Ben Perreira

My head's dropbox.

Month: June, 2012

Freedom To/ Freedom From

*Here’s another piece I wrote for another blog about a year ago. It’s an idea – finding the optimal level of structure in one’s life – I still think about all the time.

There is something to be said for freedom. America is based on it. We fight wars for it. We take it away from people who do harm to others and society. But is all freedom good for us?

Being unemployed affords one a couple luxuries: a new perspective and time to think about the things that perspective makes one see. I see a difference between freedom to do things and freedom from doing things.

Freedom to do anything seems like a natural state of being in which one is left with nothing but his free will and desire to make some things happen, but I don’t think it’s so simple. We need some structure around which to make decisions and build our careers, relationships and hobbies. Our families and hometowns provide some of this. I consider the difference between different friends who are the same age in medical or law school or have great careers going versus friends who are chronically unemployed.  They all (at least from my perspective) have the freedom to choose any career. The former simply had an easier time making that decision. The others – myself included – have to be a bit jealous.

The ability to choose one’s own fate is a cruel mistress. It’s like being offered three wishes, or choosing which mutual fund to invest in: sure, you can pick anything, but choose wrong and you could regret it forever. Do I favor the extreme of this, such as arranged marriages or parents forcing their kids into certain careers? No. But freedom, as the brilliant Team America said, isn’t free, it costs folks like you and me.

I feel that most people value freedom from more highly without knowing it. For example, we want to be free from unsafe work conditions, pollution of the environment, crime in our neighborhoods, government intrusion in our lives, etc. As long as we are free from oppression our lives are at least decent. Recent uprisings in the Middle East can be ascribed to this. They have relatively similar socioeconomic stratification and unemployment rates as the US, but are not as free from the bad that goes on around them. Freedom to choose can be nice, but I’ll take freedom from.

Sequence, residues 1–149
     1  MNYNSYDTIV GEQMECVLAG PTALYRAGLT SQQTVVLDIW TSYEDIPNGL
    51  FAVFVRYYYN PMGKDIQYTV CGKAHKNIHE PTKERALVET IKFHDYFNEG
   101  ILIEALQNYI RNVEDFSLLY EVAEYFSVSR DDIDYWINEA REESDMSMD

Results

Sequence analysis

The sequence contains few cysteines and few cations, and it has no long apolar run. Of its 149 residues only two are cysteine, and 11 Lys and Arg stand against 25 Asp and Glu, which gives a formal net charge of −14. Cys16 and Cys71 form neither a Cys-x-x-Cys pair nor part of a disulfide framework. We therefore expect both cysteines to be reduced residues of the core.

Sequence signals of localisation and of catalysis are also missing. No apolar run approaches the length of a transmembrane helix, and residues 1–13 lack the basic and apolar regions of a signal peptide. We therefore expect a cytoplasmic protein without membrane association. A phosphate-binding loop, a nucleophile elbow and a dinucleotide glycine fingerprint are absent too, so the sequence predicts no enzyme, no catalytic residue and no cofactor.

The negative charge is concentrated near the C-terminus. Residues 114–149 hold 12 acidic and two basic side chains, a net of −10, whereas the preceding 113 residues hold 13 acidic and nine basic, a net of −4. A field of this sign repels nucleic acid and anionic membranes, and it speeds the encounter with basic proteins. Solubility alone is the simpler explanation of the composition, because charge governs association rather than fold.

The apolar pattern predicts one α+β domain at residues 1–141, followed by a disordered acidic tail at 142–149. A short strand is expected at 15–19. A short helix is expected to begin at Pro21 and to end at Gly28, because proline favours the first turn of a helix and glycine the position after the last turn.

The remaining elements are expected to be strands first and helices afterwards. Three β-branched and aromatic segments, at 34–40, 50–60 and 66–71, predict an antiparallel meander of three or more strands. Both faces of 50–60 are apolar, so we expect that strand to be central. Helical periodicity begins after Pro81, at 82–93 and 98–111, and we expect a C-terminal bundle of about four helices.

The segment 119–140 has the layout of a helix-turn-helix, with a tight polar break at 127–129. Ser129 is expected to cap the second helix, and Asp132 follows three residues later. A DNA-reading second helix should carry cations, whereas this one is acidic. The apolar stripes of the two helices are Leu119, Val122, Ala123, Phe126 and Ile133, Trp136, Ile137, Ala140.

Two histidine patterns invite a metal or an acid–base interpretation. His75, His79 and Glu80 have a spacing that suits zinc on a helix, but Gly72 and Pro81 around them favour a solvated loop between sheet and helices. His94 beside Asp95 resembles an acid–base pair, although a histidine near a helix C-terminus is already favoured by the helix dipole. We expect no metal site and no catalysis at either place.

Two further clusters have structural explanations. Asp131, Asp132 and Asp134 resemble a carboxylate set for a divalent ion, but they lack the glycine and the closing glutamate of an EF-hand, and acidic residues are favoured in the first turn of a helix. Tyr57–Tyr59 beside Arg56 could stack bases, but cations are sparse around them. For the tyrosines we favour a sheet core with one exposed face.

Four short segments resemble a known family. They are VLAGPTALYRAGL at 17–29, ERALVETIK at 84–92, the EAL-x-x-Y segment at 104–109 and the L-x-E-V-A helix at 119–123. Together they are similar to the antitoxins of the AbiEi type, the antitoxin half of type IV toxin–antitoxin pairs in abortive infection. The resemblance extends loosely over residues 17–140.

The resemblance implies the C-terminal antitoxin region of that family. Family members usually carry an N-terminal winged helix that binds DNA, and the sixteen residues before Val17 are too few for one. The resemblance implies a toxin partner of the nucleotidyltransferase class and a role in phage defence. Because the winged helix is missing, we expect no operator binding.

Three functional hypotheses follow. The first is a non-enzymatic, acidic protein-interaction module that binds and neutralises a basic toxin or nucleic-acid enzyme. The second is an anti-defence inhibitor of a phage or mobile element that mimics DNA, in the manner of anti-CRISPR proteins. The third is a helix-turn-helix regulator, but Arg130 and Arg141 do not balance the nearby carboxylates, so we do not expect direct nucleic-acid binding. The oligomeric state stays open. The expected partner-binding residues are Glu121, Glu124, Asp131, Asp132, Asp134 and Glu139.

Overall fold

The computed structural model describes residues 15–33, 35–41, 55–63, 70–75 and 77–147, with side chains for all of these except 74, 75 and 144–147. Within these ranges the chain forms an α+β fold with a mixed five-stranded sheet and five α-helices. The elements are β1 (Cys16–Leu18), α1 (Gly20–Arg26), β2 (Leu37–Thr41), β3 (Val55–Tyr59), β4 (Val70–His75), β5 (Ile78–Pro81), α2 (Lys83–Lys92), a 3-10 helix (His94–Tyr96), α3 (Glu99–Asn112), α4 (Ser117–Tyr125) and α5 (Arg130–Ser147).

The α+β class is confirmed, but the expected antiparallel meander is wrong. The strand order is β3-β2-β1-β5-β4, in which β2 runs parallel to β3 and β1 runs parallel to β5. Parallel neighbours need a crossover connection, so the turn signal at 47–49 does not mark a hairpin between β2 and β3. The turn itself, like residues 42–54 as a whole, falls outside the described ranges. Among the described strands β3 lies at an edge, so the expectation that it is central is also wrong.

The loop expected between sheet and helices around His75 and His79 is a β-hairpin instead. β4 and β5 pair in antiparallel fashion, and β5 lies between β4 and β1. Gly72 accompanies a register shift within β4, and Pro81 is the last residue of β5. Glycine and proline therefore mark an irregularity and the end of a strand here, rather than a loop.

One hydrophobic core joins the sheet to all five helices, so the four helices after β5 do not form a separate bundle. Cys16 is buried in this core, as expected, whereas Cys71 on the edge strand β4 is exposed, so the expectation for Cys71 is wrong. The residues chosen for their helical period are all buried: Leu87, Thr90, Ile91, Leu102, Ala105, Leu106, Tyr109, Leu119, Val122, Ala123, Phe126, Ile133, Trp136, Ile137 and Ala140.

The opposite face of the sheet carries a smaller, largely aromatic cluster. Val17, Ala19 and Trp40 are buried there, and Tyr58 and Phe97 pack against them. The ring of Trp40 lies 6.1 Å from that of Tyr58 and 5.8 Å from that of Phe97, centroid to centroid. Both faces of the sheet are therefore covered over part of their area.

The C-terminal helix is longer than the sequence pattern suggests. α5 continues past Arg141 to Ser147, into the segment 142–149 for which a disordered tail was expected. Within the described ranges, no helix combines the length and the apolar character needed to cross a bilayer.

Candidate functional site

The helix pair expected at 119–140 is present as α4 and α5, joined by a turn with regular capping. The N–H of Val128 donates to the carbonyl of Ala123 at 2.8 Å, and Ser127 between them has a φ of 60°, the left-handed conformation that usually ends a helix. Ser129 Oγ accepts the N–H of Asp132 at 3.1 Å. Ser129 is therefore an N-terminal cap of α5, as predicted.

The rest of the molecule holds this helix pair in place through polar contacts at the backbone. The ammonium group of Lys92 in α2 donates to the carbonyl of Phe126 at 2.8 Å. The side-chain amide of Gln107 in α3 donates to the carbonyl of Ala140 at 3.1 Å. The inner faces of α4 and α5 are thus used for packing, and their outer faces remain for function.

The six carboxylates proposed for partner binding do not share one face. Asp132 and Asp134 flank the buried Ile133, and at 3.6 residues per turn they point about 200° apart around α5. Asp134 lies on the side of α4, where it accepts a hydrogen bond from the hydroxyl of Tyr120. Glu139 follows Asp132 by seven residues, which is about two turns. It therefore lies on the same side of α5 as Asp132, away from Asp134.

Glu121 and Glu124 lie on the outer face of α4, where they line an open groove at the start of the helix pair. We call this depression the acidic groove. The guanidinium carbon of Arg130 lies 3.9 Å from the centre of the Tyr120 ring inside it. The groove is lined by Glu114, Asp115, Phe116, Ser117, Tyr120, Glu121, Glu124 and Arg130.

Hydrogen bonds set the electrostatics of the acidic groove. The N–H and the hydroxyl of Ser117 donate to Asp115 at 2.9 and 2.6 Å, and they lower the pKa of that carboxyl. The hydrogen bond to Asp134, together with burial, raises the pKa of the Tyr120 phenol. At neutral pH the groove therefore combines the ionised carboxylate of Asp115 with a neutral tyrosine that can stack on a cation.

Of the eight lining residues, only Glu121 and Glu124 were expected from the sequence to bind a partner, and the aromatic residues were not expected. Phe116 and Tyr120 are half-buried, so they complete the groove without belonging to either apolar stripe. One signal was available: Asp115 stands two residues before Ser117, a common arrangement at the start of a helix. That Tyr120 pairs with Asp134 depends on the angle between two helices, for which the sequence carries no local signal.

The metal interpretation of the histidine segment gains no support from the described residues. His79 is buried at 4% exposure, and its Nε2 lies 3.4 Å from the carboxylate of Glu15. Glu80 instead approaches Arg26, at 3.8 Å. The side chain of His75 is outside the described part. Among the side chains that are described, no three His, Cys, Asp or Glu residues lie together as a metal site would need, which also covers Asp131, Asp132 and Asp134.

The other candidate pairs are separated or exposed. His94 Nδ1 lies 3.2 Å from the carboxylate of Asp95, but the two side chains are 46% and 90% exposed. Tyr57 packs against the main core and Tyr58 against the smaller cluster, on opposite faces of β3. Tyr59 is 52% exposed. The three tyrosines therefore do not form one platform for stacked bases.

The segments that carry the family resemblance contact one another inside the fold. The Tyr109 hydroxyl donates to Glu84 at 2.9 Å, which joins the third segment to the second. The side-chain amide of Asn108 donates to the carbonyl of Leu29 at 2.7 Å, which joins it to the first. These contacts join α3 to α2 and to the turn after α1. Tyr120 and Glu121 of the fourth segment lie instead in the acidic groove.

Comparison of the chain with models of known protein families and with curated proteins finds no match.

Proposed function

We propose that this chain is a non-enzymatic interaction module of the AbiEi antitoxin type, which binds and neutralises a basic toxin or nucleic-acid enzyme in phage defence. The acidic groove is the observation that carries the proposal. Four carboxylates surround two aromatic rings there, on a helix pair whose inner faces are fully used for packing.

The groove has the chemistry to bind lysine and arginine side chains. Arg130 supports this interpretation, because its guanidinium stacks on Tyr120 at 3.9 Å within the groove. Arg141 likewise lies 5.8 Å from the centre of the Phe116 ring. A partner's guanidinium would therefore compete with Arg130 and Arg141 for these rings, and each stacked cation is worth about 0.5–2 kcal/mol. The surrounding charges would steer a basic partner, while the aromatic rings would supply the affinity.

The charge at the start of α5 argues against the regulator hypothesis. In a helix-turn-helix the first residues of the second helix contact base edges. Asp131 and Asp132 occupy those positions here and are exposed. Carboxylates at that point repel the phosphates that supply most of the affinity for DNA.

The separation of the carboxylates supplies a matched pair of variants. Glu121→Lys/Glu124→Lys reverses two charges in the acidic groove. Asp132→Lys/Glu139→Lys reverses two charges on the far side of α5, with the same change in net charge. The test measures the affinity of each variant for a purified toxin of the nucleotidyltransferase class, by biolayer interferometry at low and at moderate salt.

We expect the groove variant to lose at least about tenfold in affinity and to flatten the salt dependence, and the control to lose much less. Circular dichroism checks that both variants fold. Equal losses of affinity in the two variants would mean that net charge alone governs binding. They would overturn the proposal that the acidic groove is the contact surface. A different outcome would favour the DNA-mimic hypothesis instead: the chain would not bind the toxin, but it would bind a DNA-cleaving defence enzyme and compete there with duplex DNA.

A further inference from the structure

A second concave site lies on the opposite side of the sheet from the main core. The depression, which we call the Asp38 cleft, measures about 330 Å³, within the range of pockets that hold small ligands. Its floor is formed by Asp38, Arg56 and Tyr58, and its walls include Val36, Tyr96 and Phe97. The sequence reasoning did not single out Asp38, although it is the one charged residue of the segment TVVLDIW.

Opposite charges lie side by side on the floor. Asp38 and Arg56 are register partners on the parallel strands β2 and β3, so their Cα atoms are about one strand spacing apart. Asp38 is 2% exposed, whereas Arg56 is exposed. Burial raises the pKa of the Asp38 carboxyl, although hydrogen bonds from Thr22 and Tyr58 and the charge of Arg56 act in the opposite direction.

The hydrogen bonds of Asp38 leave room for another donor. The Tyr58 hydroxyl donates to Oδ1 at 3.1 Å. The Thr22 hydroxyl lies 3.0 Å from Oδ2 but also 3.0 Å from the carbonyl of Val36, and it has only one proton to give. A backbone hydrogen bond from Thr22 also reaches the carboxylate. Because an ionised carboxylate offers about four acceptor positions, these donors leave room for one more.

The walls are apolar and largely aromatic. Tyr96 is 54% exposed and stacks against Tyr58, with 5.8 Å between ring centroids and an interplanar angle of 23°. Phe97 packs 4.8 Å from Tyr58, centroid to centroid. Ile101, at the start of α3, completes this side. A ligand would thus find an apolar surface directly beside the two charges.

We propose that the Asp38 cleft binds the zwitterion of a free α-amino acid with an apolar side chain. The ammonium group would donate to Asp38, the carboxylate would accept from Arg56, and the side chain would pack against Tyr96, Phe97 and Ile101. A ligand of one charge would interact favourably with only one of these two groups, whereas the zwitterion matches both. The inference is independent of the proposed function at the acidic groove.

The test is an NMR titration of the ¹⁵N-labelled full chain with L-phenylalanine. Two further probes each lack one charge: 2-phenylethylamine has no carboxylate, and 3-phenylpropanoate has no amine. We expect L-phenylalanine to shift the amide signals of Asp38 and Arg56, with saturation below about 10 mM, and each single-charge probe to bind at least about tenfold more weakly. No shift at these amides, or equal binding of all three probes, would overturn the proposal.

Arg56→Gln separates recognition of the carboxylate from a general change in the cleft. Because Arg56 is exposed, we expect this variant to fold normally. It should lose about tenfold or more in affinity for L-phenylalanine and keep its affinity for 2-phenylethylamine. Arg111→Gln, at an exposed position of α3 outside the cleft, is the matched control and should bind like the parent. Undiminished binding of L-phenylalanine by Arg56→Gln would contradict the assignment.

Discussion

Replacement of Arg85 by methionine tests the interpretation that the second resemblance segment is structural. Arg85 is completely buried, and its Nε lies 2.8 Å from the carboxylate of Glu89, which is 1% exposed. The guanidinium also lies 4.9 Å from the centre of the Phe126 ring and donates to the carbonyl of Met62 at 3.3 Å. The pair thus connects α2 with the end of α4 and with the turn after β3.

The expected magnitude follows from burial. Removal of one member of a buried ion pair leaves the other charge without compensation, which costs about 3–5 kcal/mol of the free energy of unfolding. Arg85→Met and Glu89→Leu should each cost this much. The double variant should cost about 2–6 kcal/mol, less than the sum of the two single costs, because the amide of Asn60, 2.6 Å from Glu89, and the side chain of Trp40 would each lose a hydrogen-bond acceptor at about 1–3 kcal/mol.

Experience vs. Memory

I have often referred to Daniel Kahneman’s book Thinking, Fast and Slow. It’s brilliant in thought-provoking. He offers one thought experiment in which the reader imagines going on vacation and not being able to take any photos, and upon return his memory of the trip will be completely erased. The exercise asks us if we would continue to pursue certain activities if we could never again access them through memory, with them existing only in the then-present.

In some ways, I find this exercise moot and rather ironic considering I gained the information while reading a book, and his nonetheless. It is useful for a limited range of activities that are intended purely for pleasure. But what would those be, exactly?

As I’ve said, I am a strong proponent of learning by failure. When we experience things are are hoping they will be (a) very pleasurable and/ or (b) pay dividends of pleasure in the future. How you define pleasure is exclusively up to you.

I’m still doing a bit of post-MBA-research roaming through Europe (currently Barcelona), and traveling is not much different than reading or working in this regard. You can expect to get something from traveling to a certain place, but those expectations are rarely met. It could be much better or much worse. Traveling pays dividends in ways that are generally unpredictable and disproportionate. We get them at the time and years down the line.

Most of us would leave a book on the shelf if we knew we could never access the memory of its contents. And most of us would probably just stay home if we knew a trip’s experience would be the only source of pleasure derived from it. But using the same callous rationale, why even get out of bed in the morning?